Timeline for life in Saudi

A good friend of mine Sadie’s Nestsadiesnest.com asks me questions about times and places after I post a story. We moved around allot in Saudi so I realized it might be confusing. I am posting a timeline for anyone who follows my story and finds it helpful.This timeline was compiled with the best intentions so if there are any errors I apologize in advance. Here it is and I tried to add pictures if I had them for each time period. Thanks for reading and supporting me!

October 1993

Moved from Seattle to Riyadh Saudi Arabia

Boys attend first school in Riyadh a few blocks from the villa

Lived in Villa with no furniture

0725151215

June 1994 moved to apartment with no electricity downtown Riyadh

Boys attend second grade at a different school next door to apartment

Saudi 6 (59)

June 1995 Moved to Al-Khobar and into first compound

Boys attend a nice, Westernized school

Picture below is the pool at the compound

0917150636

June 1996 moved back to Riyadh to large new compound

The two older boys started at a large school in Riyadh.

0805151839g

 June 2002 Moved out of the compound and to a little compound in Riyadh

DSC03113

June 2005 Took the two oldest boys to America to University.

When we came back we moved to a different small compound in Riyadh.

S5000188

June 2008 moved back to Al-Khobar to Villa

S7300993

2009 moved back to the United States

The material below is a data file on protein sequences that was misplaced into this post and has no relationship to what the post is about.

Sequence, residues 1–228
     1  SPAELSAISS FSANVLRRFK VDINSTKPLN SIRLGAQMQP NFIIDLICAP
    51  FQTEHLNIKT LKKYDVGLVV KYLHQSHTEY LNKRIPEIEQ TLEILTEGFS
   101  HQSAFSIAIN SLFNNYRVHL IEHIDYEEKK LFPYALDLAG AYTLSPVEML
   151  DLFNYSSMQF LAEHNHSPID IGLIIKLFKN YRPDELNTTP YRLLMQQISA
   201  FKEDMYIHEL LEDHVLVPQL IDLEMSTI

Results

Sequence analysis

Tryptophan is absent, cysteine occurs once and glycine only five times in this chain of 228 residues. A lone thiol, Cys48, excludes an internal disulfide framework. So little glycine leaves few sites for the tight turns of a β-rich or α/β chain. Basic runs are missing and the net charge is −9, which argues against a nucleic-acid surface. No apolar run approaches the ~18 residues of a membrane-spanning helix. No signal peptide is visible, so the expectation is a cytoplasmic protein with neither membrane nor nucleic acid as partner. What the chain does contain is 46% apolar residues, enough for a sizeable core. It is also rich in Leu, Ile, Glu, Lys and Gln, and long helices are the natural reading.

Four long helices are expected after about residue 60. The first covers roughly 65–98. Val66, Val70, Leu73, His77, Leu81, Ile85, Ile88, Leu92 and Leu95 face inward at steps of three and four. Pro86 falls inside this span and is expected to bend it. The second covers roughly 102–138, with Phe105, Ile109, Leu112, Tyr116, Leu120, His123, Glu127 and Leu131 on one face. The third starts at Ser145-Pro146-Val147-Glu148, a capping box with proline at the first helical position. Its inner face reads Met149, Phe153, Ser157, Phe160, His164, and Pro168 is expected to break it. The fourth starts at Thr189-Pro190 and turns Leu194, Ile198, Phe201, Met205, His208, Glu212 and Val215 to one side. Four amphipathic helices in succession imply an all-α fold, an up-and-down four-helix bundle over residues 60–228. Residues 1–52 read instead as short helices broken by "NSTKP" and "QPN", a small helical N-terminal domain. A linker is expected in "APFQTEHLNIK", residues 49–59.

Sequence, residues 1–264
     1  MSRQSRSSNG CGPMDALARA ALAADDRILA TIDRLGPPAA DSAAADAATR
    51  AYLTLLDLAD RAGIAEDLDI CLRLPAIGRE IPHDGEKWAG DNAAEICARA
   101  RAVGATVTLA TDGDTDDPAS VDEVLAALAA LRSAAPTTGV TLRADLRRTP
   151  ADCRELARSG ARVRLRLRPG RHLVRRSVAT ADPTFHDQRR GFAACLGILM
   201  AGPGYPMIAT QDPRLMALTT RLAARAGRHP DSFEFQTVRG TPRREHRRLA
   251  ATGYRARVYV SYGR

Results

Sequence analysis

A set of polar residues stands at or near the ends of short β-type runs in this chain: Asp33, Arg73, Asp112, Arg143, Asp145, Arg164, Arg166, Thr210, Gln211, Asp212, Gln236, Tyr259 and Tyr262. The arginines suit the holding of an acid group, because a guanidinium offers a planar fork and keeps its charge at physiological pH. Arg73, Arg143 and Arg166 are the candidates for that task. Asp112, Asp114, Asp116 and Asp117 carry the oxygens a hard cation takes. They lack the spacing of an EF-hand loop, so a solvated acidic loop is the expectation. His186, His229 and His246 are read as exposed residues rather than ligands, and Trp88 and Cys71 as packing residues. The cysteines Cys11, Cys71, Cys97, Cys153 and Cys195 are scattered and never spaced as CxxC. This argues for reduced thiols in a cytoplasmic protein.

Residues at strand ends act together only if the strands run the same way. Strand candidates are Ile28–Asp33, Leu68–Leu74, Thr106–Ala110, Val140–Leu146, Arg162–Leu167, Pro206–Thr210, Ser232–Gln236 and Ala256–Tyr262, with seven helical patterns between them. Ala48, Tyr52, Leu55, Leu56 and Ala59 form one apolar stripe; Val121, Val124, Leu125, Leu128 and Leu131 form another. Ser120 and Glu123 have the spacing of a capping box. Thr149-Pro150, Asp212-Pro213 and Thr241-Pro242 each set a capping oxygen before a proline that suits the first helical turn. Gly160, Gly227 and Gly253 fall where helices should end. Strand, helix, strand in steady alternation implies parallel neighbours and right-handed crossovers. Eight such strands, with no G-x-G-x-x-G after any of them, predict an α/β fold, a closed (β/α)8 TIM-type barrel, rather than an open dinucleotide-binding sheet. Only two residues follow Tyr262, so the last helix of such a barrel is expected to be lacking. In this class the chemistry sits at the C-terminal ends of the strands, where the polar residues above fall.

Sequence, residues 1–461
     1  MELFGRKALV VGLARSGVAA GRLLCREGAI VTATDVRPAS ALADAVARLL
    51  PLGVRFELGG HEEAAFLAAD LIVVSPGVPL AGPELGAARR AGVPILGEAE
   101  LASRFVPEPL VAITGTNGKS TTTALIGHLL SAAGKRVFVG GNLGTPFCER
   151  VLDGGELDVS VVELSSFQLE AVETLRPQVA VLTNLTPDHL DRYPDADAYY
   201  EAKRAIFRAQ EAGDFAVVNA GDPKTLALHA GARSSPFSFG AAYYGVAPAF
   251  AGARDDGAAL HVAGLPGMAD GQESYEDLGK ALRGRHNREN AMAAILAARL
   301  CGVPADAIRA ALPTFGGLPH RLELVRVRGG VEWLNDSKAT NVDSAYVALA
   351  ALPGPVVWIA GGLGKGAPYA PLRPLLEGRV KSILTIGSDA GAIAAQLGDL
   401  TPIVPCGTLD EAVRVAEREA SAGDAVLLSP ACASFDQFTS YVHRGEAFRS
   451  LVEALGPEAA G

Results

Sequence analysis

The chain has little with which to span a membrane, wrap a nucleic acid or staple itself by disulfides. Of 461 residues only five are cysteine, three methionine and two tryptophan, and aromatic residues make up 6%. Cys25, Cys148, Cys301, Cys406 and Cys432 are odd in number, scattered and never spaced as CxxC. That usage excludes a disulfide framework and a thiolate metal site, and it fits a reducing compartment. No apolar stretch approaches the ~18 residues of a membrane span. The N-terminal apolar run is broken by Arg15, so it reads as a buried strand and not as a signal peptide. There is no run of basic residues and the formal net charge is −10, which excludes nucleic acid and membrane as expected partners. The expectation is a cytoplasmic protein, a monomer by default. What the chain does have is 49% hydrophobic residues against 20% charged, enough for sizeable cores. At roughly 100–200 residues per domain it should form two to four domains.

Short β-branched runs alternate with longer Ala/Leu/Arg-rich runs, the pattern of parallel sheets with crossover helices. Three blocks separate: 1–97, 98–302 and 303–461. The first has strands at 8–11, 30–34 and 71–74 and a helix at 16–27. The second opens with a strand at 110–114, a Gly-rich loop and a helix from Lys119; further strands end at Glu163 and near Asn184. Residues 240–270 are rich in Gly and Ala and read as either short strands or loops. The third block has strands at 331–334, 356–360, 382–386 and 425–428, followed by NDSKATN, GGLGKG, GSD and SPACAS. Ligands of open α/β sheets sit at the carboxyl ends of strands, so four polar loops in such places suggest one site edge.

114 thoughts on “Timeline for life in Saudi

  1. Thanks for the time line, I have just started following your amazing journey of survival it seems, so this was very helpful. Like so many others on here you are truly a pillar of strength.

    Liked by 1 person

  2. Ah thank you – yes I am fully recovered, but VERY VERY busy, problems way beyond my control that I don’t want to go public on, but could e mail you to fill you in – all quite stressful.
    The plus side is my Christmas cake is in the oven – YES, you must make them at least two months in advance and feed them brandy every week and the fruit just matures. I am going to tie a post in with the Christmas markets…..
    Just catching up on posts that I have not had a chance to read as I have been like a headless chicken all week!

    Liked by 1 person

  3. I thought I had an interesting life… but its nothing compared to your life. I have so many questions running around my head. For the most part, were the children able to attend schools with a western curriculum? I’m so happy the first two were able to enter college in the states after spending a few years being schooled in Saudi. Lord knows its hard enough apply for colleges when the family/child lives here in the States.++ I saw in one of your photos that you and one of your daughters were still ‘covered’ even though you had returned ‘home’. How did it take you to get used to the idea about leaving the house in regular Western clothing? It must’ve been such a culture shock for all of you. ++ I remember when we were living in Malta and the grocery stores were nothing like our huge stores here in the States. I would wander around the grocery stores (while home on vacation) and remember being amazed at the quality and quantity of all the foodstuffs. And I had probably only been in Malta for about two years at that time & we came home sometimes twice a year!! ++ The schools in Malta have a British system of education – from the time the British were in Malta. I found the education system so different from what I was used to… there was so much stress on ‘do it this way’ and not enough creative problem solving and generating your own opinions and ideas. The tests are so stressful that I knew parents that wouldn’t attend a party etc. because their (often very young) children were facing exams and they had to help them study. Sooo much stress. I volunteered at an excellent private school and loved the children and teachers… but did NOT like the system.